So we can look at recidivism and say, “Okay, it works that way.” We can look at behavior change and say, “Okay, he’s not as violent and people at home seem to be safe.” But the really filter has to be transformation. In order to see that, we have to watch over time, as you just said a second ago. Has he moved from a person of violence to a person of gentleness? Has he moved from a person who exercises privilege as a husband to somebody who exercises leadership as a husband? And that’s only going to be observable over time.
I think those are the marks of transformation, is giving him every opportunity to succeed and then holding him accountable when he doesn’t.
One problem I’ve seen in cases of angry and violent men is worldly sorrow too.
Where you get enough pressure and for a period of time, the behavior will change but it’s only the Spirit who can move someone from the deeds of the flesh to the fruit of the spirit.
That’s a good observation. So two things there. One as I’m doing training, I often talk about the pivot point of repentance. We tend to like that in the Church when someone says, “Yes, I’m sorry. I won’t do it again.” And we can be guilty of then dropping the ball there in saying, “Oh good, everything’s good.” But that’s just the turning point and we need this eventual, observable repentance, that fruit of repentance over time.
The second thing that I like to say is that pithy little statement, “You can lead a horse to water but you can’t make him drink.” And then I say, “But you can’t feed him crackers.” We can’t force anyone to do anything and that worldly sorrow can come by pressure along. But Godly sorrow comes only after a man is thirsty enough to see not just the how dastardly his choices were in the past, but how amazing the opportunity is in the future. And so I want to see men become so thirsty to be the type of man that God’s designed him to be that they abandon that old way and they embrace the new way. So yeah, that’s a wonderful observation.
And the key to that in many ways, is time and then avoiding hoops for an individual to jump through. So we don’t just want things to check off the list when we hold men accountable. We want concrete measurable, observable steps in spiritual development.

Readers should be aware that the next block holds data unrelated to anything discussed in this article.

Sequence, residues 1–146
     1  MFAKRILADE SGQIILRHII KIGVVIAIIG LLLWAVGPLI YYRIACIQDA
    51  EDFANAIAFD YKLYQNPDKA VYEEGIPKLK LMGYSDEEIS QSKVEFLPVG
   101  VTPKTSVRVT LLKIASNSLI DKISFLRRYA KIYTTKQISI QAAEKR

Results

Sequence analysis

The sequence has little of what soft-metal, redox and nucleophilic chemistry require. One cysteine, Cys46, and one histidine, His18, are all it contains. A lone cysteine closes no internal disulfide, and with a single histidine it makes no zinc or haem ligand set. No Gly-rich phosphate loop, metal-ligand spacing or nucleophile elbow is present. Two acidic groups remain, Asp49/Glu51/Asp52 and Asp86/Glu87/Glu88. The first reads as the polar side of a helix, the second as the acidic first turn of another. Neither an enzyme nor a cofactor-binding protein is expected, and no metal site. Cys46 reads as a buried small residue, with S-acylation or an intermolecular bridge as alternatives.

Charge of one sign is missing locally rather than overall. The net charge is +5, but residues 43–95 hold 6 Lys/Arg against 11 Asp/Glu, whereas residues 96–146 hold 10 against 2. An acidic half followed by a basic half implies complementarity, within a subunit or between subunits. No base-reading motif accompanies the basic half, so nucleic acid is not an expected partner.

So yeah, he might be a Bible scholar now because he’s reading his Bible every day but is there a gap between that as practical theology? Evaluating that, and again guys, this comes back to how positioned biblical counselors are at this. We’ve been doing this with other things for so long. We’re really positioned to speak into this maybe better than any other field I know.
I just think that this is really one of the most practical and helpful conferences that there is. IBCD itself is just a treasure trove of resources. You can go to the website there’s … You know you can just … You’re dealing with something, you can have people listen, you can listen yourself, and so I love what you guys do and, of course, love what George and Jim have built into this over the years. I personally have profited from it. People in our church have profited from it. We’ve done levels one and two for Sunday school, for the care and discipleship. I just see this as really just sort of a hands on equipping type ministry.
Thanks so much for your contributions to that content as well. Having you come and speak and the way you open the word on these topics. I know it’s always, it’s fun for me as we think about a conference theme and then you and I talk a little bit and what aspects need addressed and you’re always willing to tackle something and see what the scriptures have to say about that, especially with the pastoral one another component of it. That’s really helpful.
Then your writings, Viewings In Faith and Spiritual Warfare, they’ve just been really helpful in pastoral counseling settings. Really appreciate having you on the team that was as well. Can you tell me a little bit about what you’ll be talking about at this year’s conference?
Well, if you remember rightly, Craig, I tried to bow out of actually doing anything this year, but our mutual friend brought a little pressure to bear. The breakout session is going to be on pastoral lessons on dealing with addictions. Basically when you and I had talked about that as a workshop I though “Oh well that’d be great.” Well, then I started trying to put it together and it was really hard because there’s a lot of stuff that you realize we did that wrong, we did that wrong. So what I decided to do to kind of help prepare for this is three people that had been in drug or alcohol addiction that had, all three had been under church discipline. All three, or two of the three had actually been excommunicated. They ended up being restored, repented and restored to the church.